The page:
Originally from Veneto, Italy, he was 17 years old when a focolarino told him about a group of young women from Trent who were living the Gospel to the letter. Carlantonio was impressed, but it was only five years later when he occasionally met the same focolarino on a train, that he wanted to know more about them. He was doing his military service and on his way home for a short military furlough. But in spite of his many plans for how to spend that free time, he looked for the focolare address in Bolzano, the city he had moved to with his family and went to visit it at once.
He was welcomed Peppuccio Zanghi, one of the very first men focolarini, who made quite an impression on Carlantonio due to his zeal for the Gospel. Upon his return to the military base in Central Italy, Carlontonio got in touch with the focolare in Perugia, which he continued to visit, avid for the new spirituality that fascinated him and satisfied his soul.
His life soon changed. His his student officials were the first to notice, including Giannino D’Adda who wanted to know what the secret was: He would later become another column of the nascent Focolare Movement.
When his military service ended, Carlantonio didn’t have a single doubt: His life belonged to Jesus and he wanted to consecrate it totally to Him as a focolarino. In 1958 he was in Tongerloo, Belgium, to give a hand in the work of Father Werenfried and the “Aid to the Suffering Church.” Then, he was transferred to Colon, Germany, where he and others began a new focolare house. He took this quite seriously and remaind faithful to his calling for his whole life.
In 1962 Chiara Lubich greatly highlighted the many prerogatives of the Virgin of Nazareth, including her stabat at the foot of the cross. After a several day retreat given by the foundress herself, he wrote to her: “I came home with my soul in celebration. My entire souls is still taken up with this fullness of light. Never had I seen Mary so beautiful and lovable: I asked her to take me as her absolute property.” Chiara suggested a sentence from the Scriptures as a guide for his life: “My heart is stirred within me, as I sing the verses of the King” (see Psalm 45). Now, he was known as “Sapi,” which recalled the “wisdom” (sapience) of Mary.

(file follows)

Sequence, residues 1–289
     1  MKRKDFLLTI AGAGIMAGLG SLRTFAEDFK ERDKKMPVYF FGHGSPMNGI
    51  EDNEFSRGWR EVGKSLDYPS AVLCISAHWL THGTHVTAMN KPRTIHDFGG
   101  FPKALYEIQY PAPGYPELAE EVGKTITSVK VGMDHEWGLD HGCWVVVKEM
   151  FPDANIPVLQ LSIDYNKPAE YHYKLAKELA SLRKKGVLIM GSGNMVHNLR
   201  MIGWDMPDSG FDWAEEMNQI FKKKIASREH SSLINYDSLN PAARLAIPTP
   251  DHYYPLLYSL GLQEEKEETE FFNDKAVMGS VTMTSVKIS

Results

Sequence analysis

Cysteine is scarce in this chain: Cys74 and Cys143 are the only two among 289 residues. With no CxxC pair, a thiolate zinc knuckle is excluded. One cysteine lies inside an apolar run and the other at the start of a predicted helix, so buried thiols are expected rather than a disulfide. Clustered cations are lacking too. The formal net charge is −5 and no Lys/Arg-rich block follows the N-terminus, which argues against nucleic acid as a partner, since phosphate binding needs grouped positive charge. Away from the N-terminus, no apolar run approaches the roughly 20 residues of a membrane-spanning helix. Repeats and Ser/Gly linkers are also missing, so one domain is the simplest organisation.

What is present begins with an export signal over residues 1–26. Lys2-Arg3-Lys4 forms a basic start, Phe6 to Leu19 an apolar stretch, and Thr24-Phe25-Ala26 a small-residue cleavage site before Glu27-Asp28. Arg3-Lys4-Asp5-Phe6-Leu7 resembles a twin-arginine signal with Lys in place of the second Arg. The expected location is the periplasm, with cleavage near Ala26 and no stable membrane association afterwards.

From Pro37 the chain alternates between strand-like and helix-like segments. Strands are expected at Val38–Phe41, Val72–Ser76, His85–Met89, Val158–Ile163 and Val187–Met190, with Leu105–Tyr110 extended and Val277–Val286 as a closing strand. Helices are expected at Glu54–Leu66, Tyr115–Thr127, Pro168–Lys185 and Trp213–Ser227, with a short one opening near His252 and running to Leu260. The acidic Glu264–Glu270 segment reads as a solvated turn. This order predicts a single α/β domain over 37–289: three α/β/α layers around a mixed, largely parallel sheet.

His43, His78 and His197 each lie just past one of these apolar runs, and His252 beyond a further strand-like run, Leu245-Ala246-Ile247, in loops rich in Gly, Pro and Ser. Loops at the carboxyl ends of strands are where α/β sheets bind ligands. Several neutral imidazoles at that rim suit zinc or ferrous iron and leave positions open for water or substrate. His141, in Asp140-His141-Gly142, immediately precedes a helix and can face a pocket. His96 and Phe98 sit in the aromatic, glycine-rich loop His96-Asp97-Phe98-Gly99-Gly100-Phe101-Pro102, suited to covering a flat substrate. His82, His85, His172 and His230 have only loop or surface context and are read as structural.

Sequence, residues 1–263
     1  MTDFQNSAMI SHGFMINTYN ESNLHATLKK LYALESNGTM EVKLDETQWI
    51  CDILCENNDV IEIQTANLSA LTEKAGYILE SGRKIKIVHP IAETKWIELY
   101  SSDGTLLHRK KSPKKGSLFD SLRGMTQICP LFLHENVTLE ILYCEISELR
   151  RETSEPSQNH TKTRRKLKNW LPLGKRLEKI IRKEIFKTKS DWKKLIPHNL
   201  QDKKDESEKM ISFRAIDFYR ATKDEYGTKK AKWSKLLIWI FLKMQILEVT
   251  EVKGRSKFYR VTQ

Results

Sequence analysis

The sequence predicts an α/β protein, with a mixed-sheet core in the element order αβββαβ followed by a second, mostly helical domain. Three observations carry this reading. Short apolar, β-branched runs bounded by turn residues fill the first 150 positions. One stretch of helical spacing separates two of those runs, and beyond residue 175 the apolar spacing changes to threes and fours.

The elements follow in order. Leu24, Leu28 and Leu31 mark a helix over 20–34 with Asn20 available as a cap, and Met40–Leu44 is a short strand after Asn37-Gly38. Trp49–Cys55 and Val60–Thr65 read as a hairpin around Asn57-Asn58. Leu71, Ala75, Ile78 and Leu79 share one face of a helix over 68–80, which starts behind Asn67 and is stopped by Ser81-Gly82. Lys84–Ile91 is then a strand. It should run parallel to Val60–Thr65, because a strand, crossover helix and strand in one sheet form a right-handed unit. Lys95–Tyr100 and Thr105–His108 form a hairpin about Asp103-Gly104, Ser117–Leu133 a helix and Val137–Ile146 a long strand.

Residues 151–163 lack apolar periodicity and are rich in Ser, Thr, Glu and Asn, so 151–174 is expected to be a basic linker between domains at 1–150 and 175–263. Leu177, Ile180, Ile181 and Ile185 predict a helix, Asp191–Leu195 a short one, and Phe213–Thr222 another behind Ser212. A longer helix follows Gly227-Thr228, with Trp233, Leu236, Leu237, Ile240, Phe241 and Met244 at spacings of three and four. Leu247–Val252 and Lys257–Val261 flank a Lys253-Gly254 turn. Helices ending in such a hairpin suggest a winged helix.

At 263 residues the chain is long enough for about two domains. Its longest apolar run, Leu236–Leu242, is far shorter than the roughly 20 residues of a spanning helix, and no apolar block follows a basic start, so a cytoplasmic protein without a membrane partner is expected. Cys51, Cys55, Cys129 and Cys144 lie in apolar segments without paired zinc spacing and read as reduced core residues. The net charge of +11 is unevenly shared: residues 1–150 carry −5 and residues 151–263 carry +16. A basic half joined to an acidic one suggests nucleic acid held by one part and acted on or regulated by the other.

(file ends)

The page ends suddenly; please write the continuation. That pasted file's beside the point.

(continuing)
In November, 1969, he was in the focolare house in Chicago where he would remain for then years, followed by a short time in New York. In 1980 he was in Mexico helping to bring the Movement forward and also in Guatemala, El Salvador and Honduras. His apostolic zeal and his ability to embrace the different cultures he met, allowed many vocations to blossom. At the age of 53 his health began to waiver. He returned to Europe for a rest, before continuing the focolare adventure in Munich, Germany, and then in the Czech Republic where he studied the language.
His physical condition worsened, to the point that he moved to the headquarters of the Movement in 2002. Sapi lived out this new phase in his life with the same generosity as always, even though he realized that he gradually losing everything: health, memory, independence… All he had left was the prayer of the Rosary to the Virgin Mary, which he constantly prayed until his last breath. On July 13, 2003, a few months before his seventieth birthday, he didn’t feel well and a few minutes later he passed away peacefully and went to Heaven where a just reward awaited him for his life totally given to God through the hands of Mary.